PARIS, France -- New research has shown that human introduction of fish into rivers over the past 150 years have modified the average body size of fish in many areas of the world.
A study conducted by researchers from CNRS, the University of Toulouse, IRD and MNHN, as well as the University of Antwerp and University of Utrecht, shows that non-native fish are larger than native species by an average of 12 cm. This modification in the size of fish poses a serious risk in terms of the alteration of aquatic ecosystems. The results of the project are published in the April 2010 issue of Ecology Letters.
Since the Neolithic era, human beings have been transporting and introducing new species. This practice has accelerated over the past 150 years along with the development of transportation methods and international trade. The phenomenon extends to freshwater fish, several hundred species of which have been introduced throughout the world, either unintentionally or for food or recreation purposes.
By cross-referencing data on the fish present in 1,050 river basins around the world, researchers have determined that the fish species introduced by human intervention are an average of 12 cm larger than the species naturally present in these rivers, which increases the average body size of the fish in a given river by about 2 cm.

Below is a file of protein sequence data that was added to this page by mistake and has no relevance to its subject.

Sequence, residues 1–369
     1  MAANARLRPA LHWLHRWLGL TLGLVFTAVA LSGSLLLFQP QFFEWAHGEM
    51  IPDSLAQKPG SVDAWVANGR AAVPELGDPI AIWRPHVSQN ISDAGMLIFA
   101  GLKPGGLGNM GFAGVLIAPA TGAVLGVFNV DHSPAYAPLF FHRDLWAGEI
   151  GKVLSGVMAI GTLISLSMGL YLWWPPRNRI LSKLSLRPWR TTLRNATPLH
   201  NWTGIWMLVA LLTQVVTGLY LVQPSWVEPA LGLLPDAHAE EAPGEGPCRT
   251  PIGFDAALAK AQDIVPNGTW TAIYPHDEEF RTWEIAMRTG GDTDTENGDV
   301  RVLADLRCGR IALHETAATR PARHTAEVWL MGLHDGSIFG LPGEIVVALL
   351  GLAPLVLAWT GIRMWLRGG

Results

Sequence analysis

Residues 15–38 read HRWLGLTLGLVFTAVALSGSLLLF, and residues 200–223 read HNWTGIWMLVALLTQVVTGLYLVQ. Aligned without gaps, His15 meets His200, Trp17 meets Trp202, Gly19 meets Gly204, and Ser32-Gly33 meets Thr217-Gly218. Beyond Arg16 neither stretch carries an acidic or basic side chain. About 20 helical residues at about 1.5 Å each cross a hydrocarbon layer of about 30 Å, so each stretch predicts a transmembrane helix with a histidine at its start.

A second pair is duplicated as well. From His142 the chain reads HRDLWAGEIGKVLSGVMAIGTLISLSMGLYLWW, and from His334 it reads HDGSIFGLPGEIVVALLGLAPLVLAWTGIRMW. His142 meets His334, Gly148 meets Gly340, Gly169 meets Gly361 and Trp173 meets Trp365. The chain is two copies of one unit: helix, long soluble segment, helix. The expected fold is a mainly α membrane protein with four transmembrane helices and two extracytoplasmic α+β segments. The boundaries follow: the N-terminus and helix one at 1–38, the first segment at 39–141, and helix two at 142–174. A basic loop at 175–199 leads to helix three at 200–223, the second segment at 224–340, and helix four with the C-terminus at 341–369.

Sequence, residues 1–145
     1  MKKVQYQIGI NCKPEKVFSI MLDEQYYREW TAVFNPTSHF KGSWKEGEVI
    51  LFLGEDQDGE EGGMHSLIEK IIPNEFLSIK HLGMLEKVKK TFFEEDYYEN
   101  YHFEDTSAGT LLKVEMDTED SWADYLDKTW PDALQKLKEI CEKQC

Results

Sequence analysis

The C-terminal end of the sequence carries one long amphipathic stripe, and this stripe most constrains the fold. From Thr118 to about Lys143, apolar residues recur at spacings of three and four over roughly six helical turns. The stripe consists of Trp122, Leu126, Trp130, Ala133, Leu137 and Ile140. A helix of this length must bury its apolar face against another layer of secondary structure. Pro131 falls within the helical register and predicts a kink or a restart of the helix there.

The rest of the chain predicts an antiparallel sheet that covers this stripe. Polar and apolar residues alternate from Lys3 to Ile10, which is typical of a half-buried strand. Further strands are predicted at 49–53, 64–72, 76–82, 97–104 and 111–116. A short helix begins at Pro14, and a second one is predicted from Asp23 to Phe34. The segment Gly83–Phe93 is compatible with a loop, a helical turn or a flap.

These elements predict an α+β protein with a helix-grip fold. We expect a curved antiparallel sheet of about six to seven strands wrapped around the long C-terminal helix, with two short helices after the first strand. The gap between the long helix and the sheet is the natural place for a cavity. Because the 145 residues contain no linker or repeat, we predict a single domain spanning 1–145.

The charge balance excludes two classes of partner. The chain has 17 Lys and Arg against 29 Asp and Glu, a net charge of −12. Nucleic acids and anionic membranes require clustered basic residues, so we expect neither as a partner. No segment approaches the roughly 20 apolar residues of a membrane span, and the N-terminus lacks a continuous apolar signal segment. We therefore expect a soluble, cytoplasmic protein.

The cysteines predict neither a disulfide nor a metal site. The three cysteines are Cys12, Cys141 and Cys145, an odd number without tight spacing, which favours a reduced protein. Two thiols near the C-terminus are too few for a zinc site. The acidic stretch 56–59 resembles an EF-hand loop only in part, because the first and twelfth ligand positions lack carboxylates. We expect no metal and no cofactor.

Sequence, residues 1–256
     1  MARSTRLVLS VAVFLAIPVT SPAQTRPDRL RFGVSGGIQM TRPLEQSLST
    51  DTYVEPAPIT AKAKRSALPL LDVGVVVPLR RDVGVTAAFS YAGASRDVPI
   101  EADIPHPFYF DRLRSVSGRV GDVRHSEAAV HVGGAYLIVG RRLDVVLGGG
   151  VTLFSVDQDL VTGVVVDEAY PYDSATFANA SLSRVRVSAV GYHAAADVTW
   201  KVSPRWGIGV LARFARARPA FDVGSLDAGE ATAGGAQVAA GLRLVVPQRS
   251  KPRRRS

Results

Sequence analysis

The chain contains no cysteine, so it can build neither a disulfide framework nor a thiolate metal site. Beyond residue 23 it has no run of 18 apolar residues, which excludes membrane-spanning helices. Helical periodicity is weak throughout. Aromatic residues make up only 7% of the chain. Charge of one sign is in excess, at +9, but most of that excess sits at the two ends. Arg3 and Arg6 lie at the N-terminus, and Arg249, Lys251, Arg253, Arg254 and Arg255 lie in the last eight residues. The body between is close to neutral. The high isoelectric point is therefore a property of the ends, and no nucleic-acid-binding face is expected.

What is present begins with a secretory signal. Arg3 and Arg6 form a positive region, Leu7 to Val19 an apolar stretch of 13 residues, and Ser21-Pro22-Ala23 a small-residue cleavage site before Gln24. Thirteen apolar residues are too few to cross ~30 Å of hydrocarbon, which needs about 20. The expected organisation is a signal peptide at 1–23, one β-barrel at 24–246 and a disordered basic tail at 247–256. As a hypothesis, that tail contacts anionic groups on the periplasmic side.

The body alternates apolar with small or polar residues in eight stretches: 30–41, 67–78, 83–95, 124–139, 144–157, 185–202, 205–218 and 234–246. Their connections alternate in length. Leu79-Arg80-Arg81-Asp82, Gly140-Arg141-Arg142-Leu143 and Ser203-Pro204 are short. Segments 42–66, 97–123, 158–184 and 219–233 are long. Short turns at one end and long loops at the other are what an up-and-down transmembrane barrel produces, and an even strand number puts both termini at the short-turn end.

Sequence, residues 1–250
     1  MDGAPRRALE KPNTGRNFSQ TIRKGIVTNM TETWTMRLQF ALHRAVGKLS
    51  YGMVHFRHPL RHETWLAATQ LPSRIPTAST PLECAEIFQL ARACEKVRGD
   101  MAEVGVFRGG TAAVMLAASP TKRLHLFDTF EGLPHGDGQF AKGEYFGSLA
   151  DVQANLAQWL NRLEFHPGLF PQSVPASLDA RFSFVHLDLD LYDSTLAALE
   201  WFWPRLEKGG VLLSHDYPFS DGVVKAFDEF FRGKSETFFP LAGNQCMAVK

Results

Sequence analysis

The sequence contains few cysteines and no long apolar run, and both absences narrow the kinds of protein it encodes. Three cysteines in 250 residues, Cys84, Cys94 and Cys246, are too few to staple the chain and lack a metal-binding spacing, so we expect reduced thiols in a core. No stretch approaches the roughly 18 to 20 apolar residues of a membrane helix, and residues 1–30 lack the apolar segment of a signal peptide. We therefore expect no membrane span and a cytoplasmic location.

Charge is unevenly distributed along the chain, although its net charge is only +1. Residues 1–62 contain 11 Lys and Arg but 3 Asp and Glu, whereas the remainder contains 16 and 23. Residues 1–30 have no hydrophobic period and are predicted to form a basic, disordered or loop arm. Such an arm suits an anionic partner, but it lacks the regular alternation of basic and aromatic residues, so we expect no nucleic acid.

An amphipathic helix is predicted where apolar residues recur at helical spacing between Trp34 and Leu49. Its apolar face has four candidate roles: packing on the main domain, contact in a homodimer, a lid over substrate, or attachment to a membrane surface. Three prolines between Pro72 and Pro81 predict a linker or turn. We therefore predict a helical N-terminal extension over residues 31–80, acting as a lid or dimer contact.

This modification affects Bergmann's empirical rule, which expresses the fact that the farther an organism lives from the equator, the greater its body mass. This principle is the result of the joint evolution of species and their environment over millions of years, and, as this research reveals, humankind seems to be in the process of altering its profile.
Beyond these historical considerations, the introduction of species whose ecological characteristics differ from those of the native species can also affect the functioning of the ecosystem. Some of the larger species widely introduced throughout the world are predators (trout, black bass, catfish, etc.) whereas others are detritus feeders or herbivorous (carp, tilapias, etc.). These ecological characteristics are likely to modify the food chain or the recycling of organic matter. Modifications in the average body size of fish observed in river basins on a global scale could thus go hand-in-hand with modifications in the functioning of aquatic ecosystems.
Views expressed in this article do not necessarily reflect those of UnderwaterTimes.com, its staff or its advertisers.